[email protected]:/dev/disk/by-vdev$ sudo zfs set mountpoint=/home/neil/mnt/disk tank

Excellent. We should have a file system fs located at ~/mnt/disk/fs.


Performance testing using FIO:

FIO testing suite is quite nifty for doing all sorts of I/O testing.

Install FIO tools:

sudo apt install fio

And run the benchmark with block size of 512k and 28 workers:

sudo fio --name=read_test \
        --filename=/home/neil/mnt/disk/dummy \
        --filesize=20G \
        --ioengine=libaio \
        --direct=1 \
        --sync=1 \
        --bs=512k \
        --iodepth=1 \
        --rw=read \
        --numjobs=28 \
        --group_reporting

157 GB/s is insane (sequential reads). That's with lz4 compression and RAIDZ2 configuration! It is trivial to start a sharing service such as nfs , afp or smb in Ubuntu. No need for FreeNAS or TrueNAS.

FIO disk benchmark - 157 GB/s Sequential Reads
FIO disk benchmark - 157 GB/s Sequential Reads

I don't think we're close to saturating the PCIe bandwidth but using more vCPUs doesn't help with the bandwidth. So, it might be due to the limitations of NVMe controllers.

Hopefully, this is NAS is going to last a decade or so. ZFS is very portable and even if I lose VMWare ESXi image or something goes wrong with the system, I can pullout the PCIe cards housing the NVMe drives, insert them into another system and it will work.

By no means is this a comprehensive disk test. I fiddled around with many different knobs: numjobs, blocksize, direct, sync, etc. Most tests were around 70-100 GB/s sustained sequential reads. I suspect some of the speed is from caching in the RAM, which would explain the absurdity of 157 GB/s. Well, that's even more impressive that ZFS can do that! YMMV.

I'd love to do a more comprehensive test but this thing needs to be permanently mounted and I need to transfer data over from the god-awful[1] QNAP NAS. It is making grumpy SATA noises.


Thanks to Will Yager and Steve Ruff for help during this adventure!

[1] Not because of the performance, but because of how bloated it really is. It literally takes 10 solid minutes to boot. With an attack surface so high (All kinds of apps, docker stuff, plugins, QNAP-cloud thingy, etc), it is completely ridiculous and I can't wait to get rid of it.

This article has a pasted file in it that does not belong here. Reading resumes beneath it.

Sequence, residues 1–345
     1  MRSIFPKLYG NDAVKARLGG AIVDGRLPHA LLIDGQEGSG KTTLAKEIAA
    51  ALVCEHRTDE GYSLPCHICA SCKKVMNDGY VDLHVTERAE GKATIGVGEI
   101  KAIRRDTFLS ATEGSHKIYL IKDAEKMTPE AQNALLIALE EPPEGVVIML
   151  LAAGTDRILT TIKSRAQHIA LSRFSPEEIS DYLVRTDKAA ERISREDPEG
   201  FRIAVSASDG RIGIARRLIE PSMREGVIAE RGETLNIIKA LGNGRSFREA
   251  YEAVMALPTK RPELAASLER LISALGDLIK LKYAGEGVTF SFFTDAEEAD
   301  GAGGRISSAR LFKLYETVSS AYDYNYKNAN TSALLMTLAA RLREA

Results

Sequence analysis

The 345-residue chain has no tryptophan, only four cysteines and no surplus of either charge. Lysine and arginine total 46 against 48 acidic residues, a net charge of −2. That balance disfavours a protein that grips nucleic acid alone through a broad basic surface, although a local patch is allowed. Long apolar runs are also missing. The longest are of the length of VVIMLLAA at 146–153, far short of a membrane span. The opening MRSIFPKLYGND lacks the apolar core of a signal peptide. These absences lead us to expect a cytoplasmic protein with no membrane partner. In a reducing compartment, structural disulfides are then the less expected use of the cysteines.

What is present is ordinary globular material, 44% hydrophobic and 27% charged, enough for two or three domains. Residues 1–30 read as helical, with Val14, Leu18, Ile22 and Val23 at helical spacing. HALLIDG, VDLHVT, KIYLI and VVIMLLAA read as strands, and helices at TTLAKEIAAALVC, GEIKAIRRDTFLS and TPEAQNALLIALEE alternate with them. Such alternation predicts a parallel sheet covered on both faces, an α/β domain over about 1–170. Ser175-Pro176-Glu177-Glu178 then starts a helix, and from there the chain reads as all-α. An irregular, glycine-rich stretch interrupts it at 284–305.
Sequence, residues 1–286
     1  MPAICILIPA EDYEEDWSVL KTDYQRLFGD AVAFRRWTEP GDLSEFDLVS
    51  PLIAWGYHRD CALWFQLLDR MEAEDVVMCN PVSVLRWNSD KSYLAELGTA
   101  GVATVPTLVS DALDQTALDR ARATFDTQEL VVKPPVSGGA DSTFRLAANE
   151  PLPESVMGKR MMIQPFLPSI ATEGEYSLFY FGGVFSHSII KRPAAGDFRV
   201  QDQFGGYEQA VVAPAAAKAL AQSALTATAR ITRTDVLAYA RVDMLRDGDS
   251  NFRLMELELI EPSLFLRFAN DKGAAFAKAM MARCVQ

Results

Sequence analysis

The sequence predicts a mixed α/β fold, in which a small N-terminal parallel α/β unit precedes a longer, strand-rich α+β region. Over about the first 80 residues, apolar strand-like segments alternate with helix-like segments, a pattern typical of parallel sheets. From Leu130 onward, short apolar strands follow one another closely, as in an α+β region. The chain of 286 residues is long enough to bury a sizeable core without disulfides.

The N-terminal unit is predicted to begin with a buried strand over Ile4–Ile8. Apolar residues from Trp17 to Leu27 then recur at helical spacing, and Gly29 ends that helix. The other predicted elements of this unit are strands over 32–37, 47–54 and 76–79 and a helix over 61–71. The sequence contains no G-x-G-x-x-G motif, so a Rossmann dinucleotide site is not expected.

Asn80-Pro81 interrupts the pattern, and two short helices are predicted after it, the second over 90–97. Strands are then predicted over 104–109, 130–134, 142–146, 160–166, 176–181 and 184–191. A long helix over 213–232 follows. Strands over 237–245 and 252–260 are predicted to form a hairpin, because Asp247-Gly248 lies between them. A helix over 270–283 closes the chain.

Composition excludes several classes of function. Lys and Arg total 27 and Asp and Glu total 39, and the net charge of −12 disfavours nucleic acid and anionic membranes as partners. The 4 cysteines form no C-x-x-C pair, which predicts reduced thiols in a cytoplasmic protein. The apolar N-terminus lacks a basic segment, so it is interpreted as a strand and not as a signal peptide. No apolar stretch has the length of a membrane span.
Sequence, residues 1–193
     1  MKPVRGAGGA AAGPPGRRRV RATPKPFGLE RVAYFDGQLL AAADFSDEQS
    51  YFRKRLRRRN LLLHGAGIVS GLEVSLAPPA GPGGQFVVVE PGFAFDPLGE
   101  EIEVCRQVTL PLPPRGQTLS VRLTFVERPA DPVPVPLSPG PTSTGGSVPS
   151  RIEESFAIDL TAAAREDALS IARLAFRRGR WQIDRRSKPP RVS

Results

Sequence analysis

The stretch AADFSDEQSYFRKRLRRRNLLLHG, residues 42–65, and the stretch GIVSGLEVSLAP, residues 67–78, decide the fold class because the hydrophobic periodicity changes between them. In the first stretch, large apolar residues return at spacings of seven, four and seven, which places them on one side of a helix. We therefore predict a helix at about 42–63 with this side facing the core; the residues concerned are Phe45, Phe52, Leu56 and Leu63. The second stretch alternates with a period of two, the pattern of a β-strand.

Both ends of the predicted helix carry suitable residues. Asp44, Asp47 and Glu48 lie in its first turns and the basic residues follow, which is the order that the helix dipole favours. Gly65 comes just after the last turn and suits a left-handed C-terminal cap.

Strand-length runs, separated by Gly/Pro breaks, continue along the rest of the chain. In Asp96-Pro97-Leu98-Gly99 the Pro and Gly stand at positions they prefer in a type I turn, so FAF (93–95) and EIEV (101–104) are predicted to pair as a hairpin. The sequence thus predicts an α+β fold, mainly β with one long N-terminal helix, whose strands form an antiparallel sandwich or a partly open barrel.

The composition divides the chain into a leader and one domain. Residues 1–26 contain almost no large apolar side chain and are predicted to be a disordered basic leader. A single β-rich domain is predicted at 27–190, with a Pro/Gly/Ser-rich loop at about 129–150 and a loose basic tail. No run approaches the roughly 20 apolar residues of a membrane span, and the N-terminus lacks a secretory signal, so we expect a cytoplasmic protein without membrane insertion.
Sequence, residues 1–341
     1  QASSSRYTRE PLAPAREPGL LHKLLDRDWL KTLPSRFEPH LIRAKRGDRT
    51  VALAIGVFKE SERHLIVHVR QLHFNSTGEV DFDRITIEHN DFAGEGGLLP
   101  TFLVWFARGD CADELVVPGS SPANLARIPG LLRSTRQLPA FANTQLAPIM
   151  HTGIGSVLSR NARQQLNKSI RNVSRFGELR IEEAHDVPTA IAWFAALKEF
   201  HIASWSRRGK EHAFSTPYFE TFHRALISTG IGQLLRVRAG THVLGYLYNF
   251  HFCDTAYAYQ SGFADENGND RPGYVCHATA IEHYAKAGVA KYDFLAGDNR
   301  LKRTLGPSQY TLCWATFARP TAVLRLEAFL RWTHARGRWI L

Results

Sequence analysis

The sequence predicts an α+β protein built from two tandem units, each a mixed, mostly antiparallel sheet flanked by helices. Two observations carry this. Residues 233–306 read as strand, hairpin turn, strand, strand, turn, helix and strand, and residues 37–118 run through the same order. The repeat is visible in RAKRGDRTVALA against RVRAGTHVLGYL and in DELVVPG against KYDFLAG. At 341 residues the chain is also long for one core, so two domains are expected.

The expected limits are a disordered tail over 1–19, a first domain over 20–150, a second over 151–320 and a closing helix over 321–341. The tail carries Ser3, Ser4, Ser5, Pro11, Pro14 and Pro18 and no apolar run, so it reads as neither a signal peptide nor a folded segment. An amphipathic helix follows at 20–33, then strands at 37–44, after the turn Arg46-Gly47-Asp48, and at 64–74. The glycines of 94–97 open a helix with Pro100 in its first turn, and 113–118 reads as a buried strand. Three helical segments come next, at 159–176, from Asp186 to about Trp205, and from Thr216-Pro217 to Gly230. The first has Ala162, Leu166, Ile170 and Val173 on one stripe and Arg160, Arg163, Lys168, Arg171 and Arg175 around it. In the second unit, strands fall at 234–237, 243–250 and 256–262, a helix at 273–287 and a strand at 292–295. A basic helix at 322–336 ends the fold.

Note 1

I am not sure, I think some of it is cached in the RAM. I did a longer sustained test and I am getting about 70 GB/s with a 200GB file - this is definitely larger than 64GB RAM. Is it to do with lz4 compression? Fetching smaller blocks from disk and then decompressing it, thus inflating the bandwidth?

The initial file was created with fio rw=randwrite, so the dummy data is random. I verified with ext4 fs on a single NVMe drive and no matter what knobs I turn, I am getting around around 3.5 GB/s.

Note 2

I just did another 100GB file test with fio, full dump as follows getting about 80 GB/s. This test was run fresh after a system reboot and clearing the drive (no cache). How does this work?:

[email protected]:~/mnt/disk/fs$ sudo fio --name=read_test         --filename=/home/neil/mnt/disk/fs/dummy         --filesize=100G         --ioengine=libaio         --direct=1         --sync=1         --bs=512k         --iodepth=1         --rw=read         --numjobs=28         --group_reporting
read_test: (g=0): rw=read, bs=(R) 512KiB-512KiB, (W) 512KiB-512KiB, (T) 512KiB-512KiB, ioengine=libaio, iodepth=1
...
fio-3.16
Starting 28 processes
read_test: Laying out IO file (1 file / 102400MiB)
Jobs: 28 (f=28): [R(28)][100.0%][r=78.0GiB/s][r=160k IOPS][eta 00m:00s]
read_test: (groupid=0, jobs=28): err= 0: pid=405516: Mon Dec 13 06:00:25 2021
  read: IOPS=152k, BW=74.4GiB/s (79.8GB/s)(2800GiB/37653msec)
    slat (usec): min=20, max=107934, avg=180.88, stdev=1535.31
    clat (nsec): min=248, max=9018.5k, avg=1114.70, stdev=9262.53
     lat (usec): min=20, max=107938, avg=182.57, stdev=1535.47
    clat percentiles (nsec):
     |  1.00th=[   334],  5.00th=[   422], 10.00th=[   494], 20.00th=[   620],